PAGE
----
Logic Apps comprises a set of building blocks that work hand in hand for the construction of a process that would orchestrate integrations between various parts. There are three major components, which form the blocks of Logic Apps and they are connectors, triggers, and actions.
How does Logic App work?
Using Logic Apps defines the workflow at ease consuming a range of APIs exposed as Connectors. These Logic App connectors will perform the sequence of actions defined in the workflow whenever the trigger gets fired. According to the Azure Logic App pricing model, the cost for a Logic App is based on the Number of Actions, triggers, and runs executed.
With this understanding of Azure Logic Apps, lets straight away jump into some of the key components of Logic Apps and understand how it works?
The workflow in an Azure Logic App is a sequence of actions or processes defined in steps. The actions will perform the business operations when input is provided through the managed connectors. Every workflow will be initiated by the trigger being fired. By defining the Workflow in Azure Logic Apps, Business processes can be automated and visualized in a hierarchy.
Below is the image of the Azure Logic App workflow:
- Connectors in Azure Logic Apps are used to perform certain actions or processes and they are designed to connect and work with user data.
- Connectors may act either as actions or as triggers.
- There are numerous connectors available for Azure Logic Apps including Enterprise connectors. Users can use pre-defined connectors as well as create their own custom connectors. It is also possible to define connectors using ARM templates.
Some of the Connectors supported in Logic Apps
- Built-in – Schedule, HTTP, Request, Azure App Services, API Management
- Managed connectors – Azure service bus, Azure Blob Storage, SQL Server, Office365 outlook, Azure Event Hubs, Salesforce,
- On-premises connectors – Biztalk Server, Oracle DB, File system, IBM DB2, MYSQL.
- Enterprise connectors – IBM 3270, IBM MQ, SAP
Actions are the steps that run once initiated by the trigger. Whenever an Azure Logic App gets triggered, there will be a succession of actions that run to complete the workflow. Actions are processes that will perform the designated business task based on the data provided by the user. Users can select the required action from the extensive set of actions available in the connector repository.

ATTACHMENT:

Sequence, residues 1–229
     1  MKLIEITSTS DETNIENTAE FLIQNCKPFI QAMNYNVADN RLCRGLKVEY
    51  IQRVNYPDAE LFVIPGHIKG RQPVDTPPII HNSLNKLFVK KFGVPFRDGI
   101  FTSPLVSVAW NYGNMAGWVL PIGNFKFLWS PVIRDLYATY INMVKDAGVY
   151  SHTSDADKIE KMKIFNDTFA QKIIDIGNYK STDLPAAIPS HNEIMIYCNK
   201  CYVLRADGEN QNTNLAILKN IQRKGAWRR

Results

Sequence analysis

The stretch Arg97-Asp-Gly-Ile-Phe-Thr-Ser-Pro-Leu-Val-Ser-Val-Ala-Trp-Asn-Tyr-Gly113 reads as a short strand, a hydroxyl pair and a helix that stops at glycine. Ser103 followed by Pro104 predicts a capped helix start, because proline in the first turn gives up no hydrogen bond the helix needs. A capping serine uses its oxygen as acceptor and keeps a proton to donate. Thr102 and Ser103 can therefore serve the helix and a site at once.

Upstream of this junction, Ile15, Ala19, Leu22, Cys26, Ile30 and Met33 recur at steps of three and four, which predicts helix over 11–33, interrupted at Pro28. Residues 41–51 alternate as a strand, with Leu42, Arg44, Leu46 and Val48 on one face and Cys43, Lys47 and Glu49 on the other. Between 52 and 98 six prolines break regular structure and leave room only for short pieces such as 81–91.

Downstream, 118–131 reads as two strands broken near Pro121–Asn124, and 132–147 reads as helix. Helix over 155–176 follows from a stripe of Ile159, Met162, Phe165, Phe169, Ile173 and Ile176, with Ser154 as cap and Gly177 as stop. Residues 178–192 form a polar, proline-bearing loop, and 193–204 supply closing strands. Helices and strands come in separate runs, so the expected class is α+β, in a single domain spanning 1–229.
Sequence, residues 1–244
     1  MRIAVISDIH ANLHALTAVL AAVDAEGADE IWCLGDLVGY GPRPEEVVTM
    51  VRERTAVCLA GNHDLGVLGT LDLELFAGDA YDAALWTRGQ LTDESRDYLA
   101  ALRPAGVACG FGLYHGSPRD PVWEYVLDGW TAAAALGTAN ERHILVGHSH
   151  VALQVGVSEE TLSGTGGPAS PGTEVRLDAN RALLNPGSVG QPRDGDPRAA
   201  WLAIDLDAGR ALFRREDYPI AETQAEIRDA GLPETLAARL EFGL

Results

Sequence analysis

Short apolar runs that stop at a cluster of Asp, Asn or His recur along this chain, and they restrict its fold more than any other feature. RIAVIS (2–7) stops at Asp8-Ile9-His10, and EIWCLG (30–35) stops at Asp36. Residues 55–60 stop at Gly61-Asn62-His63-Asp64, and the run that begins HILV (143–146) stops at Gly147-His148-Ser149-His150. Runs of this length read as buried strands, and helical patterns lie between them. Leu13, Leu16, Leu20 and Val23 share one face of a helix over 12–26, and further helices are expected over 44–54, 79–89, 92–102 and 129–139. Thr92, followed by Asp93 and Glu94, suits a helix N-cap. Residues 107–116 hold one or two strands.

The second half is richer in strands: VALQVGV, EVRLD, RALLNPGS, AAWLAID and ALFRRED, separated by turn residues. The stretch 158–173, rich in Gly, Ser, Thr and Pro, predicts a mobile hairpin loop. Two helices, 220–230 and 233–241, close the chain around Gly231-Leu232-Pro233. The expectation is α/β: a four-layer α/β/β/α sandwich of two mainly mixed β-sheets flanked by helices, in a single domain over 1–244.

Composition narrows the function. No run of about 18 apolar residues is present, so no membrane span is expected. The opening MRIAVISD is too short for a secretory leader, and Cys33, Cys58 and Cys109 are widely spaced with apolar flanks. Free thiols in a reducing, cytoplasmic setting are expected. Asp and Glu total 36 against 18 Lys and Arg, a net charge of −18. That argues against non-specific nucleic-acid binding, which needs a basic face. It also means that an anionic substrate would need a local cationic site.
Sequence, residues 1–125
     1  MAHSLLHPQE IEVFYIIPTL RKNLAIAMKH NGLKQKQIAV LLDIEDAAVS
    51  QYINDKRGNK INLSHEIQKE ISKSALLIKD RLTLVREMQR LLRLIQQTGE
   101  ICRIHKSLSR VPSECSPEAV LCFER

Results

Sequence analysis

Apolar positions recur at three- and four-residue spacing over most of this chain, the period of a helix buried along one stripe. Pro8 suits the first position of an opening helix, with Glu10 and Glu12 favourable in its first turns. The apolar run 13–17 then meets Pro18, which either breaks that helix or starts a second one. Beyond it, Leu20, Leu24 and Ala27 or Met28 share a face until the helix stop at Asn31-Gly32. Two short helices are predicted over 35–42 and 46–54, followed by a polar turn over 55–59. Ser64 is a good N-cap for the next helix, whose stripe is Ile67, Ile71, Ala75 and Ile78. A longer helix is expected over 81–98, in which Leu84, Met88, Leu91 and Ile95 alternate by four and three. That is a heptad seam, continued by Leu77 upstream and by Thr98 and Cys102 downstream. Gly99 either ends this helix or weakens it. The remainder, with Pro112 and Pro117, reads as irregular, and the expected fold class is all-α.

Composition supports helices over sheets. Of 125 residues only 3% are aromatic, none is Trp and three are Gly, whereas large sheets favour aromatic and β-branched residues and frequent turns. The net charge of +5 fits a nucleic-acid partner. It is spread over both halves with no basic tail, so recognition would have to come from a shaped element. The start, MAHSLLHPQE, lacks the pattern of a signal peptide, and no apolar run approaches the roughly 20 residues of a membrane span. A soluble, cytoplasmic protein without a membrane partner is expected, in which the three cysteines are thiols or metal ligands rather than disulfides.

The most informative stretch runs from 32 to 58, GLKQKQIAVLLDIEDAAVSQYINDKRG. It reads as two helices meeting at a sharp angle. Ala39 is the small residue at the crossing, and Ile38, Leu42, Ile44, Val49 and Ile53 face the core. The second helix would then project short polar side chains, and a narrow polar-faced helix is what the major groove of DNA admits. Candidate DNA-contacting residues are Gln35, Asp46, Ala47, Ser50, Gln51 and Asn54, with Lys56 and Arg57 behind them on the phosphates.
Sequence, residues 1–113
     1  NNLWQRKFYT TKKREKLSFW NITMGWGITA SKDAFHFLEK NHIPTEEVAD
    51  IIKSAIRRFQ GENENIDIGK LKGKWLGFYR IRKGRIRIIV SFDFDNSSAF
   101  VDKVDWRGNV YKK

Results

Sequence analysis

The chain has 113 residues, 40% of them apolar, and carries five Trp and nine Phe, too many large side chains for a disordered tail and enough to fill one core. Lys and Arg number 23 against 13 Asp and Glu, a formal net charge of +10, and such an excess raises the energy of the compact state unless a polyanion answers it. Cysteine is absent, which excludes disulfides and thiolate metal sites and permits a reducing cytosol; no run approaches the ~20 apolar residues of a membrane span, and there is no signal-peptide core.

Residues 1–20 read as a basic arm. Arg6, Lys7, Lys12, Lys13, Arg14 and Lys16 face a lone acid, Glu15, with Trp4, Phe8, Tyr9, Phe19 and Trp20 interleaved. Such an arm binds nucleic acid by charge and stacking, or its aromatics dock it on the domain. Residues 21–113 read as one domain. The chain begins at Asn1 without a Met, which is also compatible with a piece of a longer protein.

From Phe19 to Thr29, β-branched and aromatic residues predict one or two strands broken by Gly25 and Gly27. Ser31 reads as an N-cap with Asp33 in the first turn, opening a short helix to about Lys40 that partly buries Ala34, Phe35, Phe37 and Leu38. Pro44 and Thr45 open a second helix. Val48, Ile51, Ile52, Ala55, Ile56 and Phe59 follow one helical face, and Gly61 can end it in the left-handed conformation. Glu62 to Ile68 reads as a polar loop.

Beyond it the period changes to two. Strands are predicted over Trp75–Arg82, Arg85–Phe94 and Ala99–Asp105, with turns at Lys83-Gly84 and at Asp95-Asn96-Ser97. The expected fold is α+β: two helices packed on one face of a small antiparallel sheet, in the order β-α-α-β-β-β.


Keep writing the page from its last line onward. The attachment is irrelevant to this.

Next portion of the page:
Metrics related to Actions in the Logic App workflow
Azure metrics give information on the status of the resources in the Azure Subscription. With the extensive set of metrics, the user can detect the health of the Azure Logic Apps. Metrics can also help troubleshoot root-cause of issues without needing to contact Azure support.
- Action Latency- The average time taken between when the action starts and ends.
- Actions Succeeded- The number of Actions succeeded in the Logic App runs in the given time.
- Actions Failed- The number of Actions failed in the Logic App runs in the given time.
- Action Skipped- The number of Actions skipped in the Logic App runs in the given time.
- Billable Action Executions- The number of Actions that cost for the Execution.
Triggers are the starting point for an Azure Logic App workflow that will fire when new data or event that meets the trigger condition occur. Connectors in Logic Apps itself provide various triggers. Custom triggers can also be created using custom connectors. Users can also define multiple triggers in a Logic App.
In general, triggers are of two types:
- Built-in triggers are the predefined triggers using Http protocol and schedule for triggering the Azure Logic Apps. There are several Built-in trigger types like HTTP, HTTP Endpoint, Recurrence, and Request.
- Managed API triggers are based on the API connections / API Webhook connections which check an endpoint using custom connectors.
Metrics related to triggers in the Logic App workflow
Knowing about these metrics will help in monitoring the status of Logic Apps.
- Trigger Fire Latency – The time taken for firing the trigger of the Logic App in the given time.
- Trigger Succeeded – The number of triggers succeeded in the given time.
- Trigger Failed – The number of triggers failed in the given time.
- Trigger Skipped – The number of triggers skipped in the given time.
- Billable Trigger Execution – The number of Triggers that cost for the Execution.
It is very important to know about the key components in order to effortlessly work with Logic Apps and I hope this article would have helped you to get a better understanding of the basic concepts of Logic Apps.
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